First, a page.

With close to 90% of the world’s data created in the last two years, Mike Hagstrom, executive vice president, Europe, Middle East, Africa and Asia Pacific, SAS, believes that big data is no longer just a buzz word.
Within the Asia Pacific region, he says, India is in a unique position to make good of this opportunity.
Hagstrom feels that big data and its ability to understand patterns, spot trends, and evolutions makes it one of the most significant technology revolution or as he says, “this may be as big as steam engine’s evolution.”
“Organisations do not have the big data problem. Rather if you look at the source of data you will see that data created internally is not growing fast, data explosion is coming from unstructured data. The challenge in front of these companies is to bring these two data together and interpret it,” said Hagstrom.
But more than the enterprises Hagstrom is interested in the use of SAS technology in big data for the public sector. “When we combine these two worlds—structured and unstructured data—it provides a window to wealth of opportunities to tackle issue slike unemployment to health issue, demographics, budget deficits, and other global issues that public policy is finding it difficult to address,” he added.
SAS has already started working with governments and institutions were analytics and big data concept are being used to resolve or understand social issues.
For instance, SAS recently teamed up with United Nations Global Pulse on a research project entitled “Unemployment through the lens of social media.” The project investigated how social media and online user-generated content can be used to enrich the understanding of the changing job conditions in the US and Ireland.
The analysis revealed that increased chatter about cutting back on groceries, increasing use of public transport and downgrading one’s automobile could indeed, predict and unemployment spike. “Such information would be crucial for policy makers trying to mitigate negative effects of increased unemployment,” added Hagstrom.
SAS, with global revenue of $2.87 billion that provides solutions in the analytics space, has seen double digit sales growth for its solutions and services over the last few years. In all the growth that the company has witnessed, India is a crucial partner.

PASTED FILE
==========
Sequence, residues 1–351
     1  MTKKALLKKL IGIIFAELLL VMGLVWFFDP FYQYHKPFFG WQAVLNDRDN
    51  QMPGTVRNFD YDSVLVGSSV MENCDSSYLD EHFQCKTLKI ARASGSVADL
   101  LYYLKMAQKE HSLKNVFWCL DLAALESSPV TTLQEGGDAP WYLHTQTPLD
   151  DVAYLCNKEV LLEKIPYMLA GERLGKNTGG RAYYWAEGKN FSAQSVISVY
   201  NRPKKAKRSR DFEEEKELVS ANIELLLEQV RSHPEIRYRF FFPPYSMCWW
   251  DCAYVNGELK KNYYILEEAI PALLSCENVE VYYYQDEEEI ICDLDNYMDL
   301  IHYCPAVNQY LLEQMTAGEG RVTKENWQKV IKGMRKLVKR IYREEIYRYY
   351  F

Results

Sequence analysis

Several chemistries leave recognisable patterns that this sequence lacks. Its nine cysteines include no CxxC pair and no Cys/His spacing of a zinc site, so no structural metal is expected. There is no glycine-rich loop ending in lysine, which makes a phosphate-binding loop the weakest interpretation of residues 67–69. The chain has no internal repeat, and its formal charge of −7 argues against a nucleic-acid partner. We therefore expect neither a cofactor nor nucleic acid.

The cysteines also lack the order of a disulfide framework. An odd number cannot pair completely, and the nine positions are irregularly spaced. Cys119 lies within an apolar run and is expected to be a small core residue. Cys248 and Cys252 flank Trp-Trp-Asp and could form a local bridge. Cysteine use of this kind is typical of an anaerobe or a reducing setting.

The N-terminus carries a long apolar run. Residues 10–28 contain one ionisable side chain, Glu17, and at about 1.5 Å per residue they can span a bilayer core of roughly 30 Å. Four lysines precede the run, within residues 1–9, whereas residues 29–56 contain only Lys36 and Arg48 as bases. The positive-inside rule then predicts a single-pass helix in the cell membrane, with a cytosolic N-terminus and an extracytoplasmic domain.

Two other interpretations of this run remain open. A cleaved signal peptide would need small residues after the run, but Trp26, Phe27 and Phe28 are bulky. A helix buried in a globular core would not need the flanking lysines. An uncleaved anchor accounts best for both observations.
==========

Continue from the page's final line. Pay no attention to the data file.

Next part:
“What matters to us is that we have presence in markets that are seeing hypergrowth, and India is one such market,” added Hagstrom.
Hagstrom also believes that within Asia Pacific, India is uniquely placed to leverage the benefits of big data and analytics.
“The difference between India and other APAC countries is that in several of these countries technology adoption is still for driving efficiencies, bring in automation and standardisation. India on the other hand is done with all this, and hence is in a unique position to incorporate the data that is being generated into the work processes better,” he added. The other reason is also the higher rate of users using the digital platform.
In India though the private sector has been ahead of adopting these technologies, SAS is also working with the government sector.
“For a lot of government departments use of technology means the transactions systems, many are yet to understand how they can leverage analytics and big data. For instance, when we approached the Sales Tax Department of Maharashtra they were reluctant to understand what analytics can do. But at the proof of concept level itself the government earned over Rs 30 crore,” added Sudipta Sen, Regional Director, South East Asia
CEO & Managing Director, SAS Institute (India).
Hagstrom also added that Indian enterprise is yet to use the social media platform much more effectively. For instance, Japan-based KDDI, a telecommunications services provider, is merging social network analytics on their internal data to understand the peer influence, and they are using social media analytics on external data to see who likes what, music preferred etc. “Today they have gone ahead of Sony on the online digital music,” said Hagstrom.